Ultraviolet light …..UV as a threat

Posted on June 26, 2010

In high latitudes, ultraviolet radiation has the potential to be very damaging to aquatic animals because waters are relatively transparent and light is continuous during summer.  In addition, UV fluxes have increased due to ozone depletion, and are set to increase by a further 20-90% over the next ten years.  These concerns have prompted research to assess the extent to which different species are protected from UV damage by naturally occurring pigments (typically, high latitude animal plankton are red, brown or black in colour).  Analyses of twelve common crustacean species – including water fleas, copepods, fairy shrimps and tadpole shrimps – collected from tundra ponds inCanadaandAlaskarevealed the presence of four main types of UV protectants, namely carotenoids, melanins, scytonemin and mycosporine-like amino acids.  All twelve species had protective pigments and most had multiple types.  Since the various pigments have different protective properties, it seems that when they occur together, these compounds provide plankton with broadband sunscreens.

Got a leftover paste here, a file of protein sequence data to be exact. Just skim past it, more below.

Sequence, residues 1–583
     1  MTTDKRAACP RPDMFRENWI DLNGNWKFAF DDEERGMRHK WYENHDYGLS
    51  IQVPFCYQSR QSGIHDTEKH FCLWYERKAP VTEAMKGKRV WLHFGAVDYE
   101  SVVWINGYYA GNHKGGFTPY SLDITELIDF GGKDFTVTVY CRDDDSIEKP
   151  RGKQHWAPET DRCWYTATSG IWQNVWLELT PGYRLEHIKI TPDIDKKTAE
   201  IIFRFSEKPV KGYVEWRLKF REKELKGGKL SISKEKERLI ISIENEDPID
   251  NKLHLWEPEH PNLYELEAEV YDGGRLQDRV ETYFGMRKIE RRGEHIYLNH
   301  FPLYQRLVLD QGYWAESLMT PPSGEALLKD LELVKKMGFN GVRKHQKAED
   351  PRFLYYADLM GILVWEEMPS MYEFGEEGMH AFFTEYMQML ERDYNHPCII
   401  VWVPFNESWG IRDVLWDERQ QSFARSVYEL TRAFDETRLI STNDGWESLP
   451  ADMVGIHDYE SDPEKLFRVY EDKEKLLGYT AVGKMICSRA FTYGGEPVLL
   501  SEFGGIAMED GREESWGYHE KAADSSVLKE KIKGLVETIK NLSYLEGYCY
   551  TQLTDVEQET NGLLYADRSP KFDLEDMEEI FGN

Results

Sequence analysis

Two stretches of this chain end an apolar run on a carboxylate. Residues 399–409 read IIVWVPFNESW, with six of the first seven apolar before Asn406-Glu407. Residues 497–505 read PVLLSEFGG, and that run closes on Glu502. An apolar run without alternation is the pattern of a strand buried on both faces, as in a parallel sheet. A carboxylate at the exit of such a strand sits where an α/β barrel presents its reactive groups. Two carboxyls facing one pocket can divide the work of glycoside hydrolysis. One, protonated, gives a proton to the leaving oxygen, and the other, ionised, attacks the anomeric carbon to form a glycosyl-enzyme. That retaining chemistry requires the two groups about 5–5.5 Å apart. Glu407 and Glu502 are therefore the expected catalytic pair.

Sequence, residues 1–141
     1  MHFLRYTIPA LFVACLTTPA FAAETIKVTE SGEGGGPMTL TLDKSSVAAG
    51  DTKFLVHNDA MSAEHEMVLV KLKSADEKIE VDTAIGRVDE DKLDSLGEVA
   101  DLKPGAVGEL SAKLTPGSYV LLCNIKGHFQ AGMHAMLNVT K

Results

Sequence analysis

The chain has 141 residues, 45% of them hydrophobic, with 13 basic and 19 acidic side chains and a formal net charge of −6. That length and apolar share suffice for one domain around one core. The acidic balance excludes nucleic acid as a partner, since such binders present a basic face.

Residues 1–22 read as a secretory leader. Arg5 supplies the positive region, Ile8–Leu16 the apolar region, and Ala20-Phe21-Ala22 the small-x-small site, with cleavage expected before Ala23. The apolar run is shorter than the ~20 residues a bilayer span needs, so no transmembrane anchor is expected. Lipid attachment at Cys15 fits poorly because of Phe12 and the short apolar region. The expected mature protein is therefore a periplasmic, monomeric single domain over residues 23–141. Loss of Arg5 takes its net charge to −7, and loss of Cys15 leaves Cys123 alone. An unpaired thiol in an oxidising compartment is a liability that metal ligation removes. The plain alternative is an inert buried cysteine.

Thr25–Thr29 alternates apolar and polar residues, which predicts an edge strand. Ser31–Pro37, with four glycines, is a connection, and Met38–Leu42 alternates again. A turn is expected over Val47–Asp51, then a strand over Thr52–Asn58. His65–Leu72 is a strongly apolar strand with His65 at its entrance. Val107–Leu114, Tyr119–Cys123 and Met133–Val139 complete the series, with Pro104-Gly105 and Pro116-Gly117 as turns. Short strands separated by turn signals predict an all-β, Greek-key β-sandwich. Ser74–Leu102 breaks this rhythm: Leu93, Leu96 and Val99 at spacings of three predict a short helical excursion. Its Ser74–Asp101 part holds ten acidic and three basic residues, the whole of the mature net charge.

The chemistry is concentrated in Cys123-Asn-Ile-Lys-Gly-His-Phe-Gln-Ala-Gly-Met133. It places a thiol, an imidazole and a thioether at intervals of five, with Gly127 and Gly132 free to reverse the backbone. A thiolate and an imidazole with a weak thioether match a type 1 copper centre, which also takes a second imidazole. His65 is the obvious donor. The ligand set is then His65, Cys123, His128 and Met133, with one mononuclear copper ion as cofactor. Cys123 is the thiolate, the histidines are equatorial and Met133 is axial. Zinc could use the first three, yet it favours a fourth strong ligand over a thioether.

Reference:   Rautio, M., Bonilla, S. & Vincent, W.F. (2009).   UV photoprotectants in Arctic zooplankton.   Aquatic Biology 7, 93–105.